Roman J. Israel Esq

A driven, idealistic defense attorney finds himself at the hands of a difficult dilemma that will have him questioning everything that he ever knew. In ‘Roman J. Israel Esq’, Civil Lawyer Roman J. Israel (Denzel Washington) has been fighting the good fight while others take the credit. When his partner, the firm’s front man, has a heart attack, Israel suddenly takes on that role. He finds out some unsettling things about what the crusading law firm has done that run afoul of his values of helping the poor and dispossessed, and he finds himself in an existential crisis that leads to extreme action. On the crossroads of one’s life, does he take the road less traveled, or the easiest path to victory? ‘Roman J. Israel Esq’ is written and directed by Dan Gilroy, and is rated PG-13 for adult language and some scenes of violence.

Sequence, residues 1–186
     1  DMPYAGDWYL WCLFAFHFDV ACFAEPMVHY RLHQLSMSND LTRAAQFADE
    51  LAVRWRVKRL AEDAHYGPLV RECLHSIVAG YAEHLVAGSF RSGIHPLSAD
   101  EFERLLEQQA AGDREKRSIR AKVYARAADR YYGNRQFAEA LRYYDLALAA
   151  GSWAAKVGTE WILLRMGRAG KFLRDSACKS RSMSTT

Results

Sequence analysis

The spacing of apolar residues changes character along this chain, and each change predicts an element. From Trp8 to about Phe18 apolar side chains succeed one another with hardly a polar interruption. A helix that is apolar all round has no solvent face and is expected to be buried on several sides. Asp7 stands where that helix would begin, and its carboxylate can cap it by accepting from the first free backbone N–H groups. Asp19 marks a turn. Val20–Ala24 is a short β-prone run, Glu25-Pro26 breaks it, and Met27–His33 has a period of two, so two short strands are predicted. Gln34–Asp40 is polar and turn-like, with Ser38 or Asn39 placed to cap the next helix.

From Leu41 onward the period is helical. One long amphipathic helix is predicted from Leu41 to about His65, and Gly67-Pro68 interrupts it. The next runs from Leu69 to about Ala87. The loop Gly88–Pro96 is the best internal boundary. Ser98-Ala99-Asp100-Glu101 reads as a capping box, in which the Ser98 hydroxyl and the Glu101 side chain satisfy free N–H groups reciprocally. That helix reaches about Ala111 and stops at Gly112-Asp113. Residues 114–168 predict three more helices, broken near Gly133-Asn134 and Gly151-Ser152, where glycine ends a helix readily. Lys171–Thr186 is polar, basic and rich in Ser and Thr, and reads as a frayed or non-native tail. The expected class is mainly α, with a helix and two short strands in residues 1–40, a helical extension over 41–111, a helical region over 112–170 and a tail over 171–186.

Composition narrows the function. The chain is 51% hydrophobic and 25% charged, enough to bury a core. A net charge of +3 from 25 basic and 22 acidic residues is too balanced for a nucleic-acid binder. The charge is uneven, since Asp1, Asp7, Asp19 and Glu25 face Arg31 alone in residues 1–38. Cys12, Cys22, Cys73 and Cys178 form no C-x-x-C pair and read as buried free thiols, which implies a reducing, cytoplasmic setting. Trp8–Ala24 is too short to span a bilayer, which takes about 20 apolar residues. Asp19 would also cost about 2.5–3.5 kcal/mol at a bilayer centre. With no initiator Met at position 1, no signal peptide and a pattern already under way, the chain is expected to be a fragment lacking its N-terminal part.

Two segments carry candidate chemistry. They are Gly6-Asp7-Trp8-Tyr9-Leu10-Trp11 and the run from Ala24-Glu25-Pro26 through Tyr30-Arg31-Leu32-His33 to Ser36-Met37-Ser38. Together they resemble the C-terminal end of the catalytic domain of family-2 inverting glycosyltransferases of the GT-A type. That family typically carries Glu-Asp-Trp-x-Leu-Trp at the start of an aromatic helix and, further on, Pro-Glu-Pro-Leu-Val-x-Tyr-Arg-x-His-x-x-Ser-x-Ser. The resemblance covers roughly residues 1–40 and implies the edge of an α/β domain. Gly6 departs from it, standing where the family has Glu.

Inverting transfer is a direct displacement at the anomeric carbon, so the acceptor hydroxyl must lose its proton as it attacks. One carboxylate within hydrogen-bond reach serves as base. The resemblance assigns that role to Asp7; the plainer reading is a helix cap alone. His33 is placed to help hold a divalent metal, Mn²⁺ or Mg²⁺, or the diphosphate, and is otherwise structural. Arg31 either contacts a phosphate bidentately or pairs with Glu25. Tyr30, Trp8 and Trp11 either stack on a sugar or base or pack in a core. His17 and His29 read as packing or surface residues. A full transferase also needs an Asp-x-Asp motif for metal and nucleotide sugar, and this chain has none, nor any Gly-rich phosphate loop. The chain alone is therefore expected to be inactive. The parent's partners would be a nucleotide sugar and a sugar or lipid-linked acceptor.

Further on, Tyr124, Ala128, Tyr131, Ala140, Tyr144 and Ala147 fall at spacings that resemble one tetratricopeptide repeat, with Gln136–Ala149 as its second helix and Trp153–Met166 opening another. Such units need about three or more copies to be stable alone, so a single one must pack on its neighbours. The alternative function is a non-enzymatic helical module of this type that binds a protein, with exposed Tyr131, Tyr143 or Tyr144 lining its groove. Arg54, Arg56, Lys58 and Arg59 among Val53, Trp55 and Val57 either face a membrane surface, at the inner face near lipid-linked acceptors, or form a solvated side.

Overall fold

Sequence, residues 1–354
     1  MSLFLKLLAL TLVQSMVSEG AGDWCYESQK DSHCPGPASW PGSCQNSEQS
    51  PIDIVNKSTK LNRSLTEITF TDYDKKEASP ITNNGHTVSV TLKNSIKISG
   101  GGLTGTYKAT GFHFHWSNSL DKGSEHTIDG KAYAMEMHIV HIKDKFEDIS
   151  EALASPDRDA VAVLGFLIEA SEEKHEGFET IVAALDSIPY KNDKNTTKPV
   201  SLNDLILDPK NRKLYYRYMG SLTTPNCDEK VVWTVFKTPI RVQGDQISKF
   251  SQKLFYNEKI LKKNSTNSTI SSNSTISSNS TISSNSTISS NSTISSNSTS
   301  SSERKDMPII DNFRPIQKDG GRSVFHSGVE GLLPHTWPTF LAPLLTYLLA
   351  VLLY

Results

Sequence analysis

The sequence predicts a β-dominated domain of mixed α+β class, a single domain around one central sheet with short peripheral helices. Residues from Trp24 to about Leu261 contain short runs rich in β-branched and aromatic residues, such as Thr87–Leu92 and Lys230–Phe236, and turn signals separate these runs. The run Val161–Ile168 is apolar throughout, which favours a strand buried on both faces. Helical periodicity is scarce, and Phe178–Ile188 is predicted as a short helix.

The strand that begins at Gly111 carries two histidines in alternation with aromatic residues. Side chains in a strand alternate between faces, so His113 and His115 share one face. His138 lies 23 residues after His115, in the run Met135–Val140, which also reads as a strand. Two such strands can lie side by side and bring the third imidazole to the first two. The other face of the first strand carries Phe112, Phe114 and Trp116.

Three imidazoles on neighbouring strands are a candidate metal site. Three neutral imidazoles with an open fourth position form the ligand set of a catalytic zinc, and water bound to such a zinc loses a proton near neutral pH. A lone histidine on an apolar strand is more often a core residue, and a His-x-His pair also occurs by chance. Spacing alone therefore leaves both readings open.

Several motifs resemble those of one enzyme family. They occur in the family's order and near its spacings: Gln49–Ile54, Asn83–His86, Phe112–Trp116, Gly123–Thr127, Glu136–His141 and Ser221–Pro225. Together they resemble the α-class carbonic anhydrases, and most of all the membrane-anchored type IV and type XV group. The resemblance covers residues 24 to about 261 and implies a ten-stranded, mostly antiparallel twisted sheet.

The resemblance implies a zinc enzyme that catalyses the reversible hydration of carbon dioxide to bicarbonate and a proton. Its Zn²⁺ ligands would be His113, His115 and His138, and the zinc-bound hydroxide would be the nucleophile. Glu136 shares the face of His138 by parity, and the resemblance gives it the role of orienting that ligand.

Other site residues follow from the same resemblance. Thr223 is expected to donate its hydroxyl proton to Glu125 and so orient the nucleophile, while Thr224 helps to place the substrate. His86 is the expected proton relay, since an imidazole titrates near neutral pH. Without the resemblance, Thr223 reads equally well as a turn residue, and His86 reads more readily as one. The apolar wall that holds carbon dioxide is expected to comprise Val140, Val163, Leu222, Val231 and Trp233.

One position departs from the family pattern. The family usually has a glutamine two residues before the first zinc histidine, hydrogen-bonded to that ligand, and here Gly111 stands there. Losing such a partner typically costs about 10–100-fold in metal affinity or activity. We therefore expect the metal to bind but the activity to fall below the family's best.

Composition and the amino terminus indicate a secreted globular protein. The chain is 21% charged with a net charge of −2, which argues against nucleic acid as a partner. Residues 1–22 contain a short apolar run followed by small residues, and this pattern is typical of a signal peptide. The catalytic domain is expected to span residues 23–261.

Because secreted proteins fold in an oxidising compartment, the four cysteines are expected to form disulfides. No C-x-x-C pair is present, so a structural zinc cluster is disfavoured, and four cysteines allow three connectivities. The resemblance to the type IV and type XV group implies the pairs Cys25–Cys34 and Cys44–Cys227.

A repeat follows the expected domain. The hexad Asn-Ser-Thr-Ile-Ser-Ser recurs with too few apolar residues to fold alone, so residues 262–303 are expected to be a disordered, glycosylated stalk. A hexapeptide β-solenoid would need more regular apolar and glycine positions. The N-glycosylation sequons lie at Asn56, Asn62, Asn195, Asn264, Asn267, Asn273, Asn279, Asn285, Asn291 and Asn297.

The trailer for ‘Roman J Israel Esq’ felt like a bunch of unassembled puzzle pieces thrown together out of context that didn’t gel into one cohesive unit. The first thing that I grab from a film’s trailer is the overall plot because it’s in that aspect where I decide just how badly I want to see said movie. After seeing the full length feature film, I can understand why I didn’t have the slightest clue what this film was about, nor where the direction it was competently headed. The film structured all around by Gilroy, feels like four different stories that are fighting for the allotment of the 112 minute runtime that hints at some of them being dissected in order of importance along the way. As far as fluidity amongst scripts is concerned, Gilroy takes an unpredictably tragic misstep after the success that was 2014’s ‘Nightcrawler’ by trying to establish too many profound observations on the seedy world of practicing law. Because of such, this film from bell-to-bell is a chore to get through, juggling enough violent tonal shifts and jarring sequencing that gave me a feeling of amnesia to the ideal that I may have just watched four different films take place, and possibly nodded off between them to where they now feel like one finished product.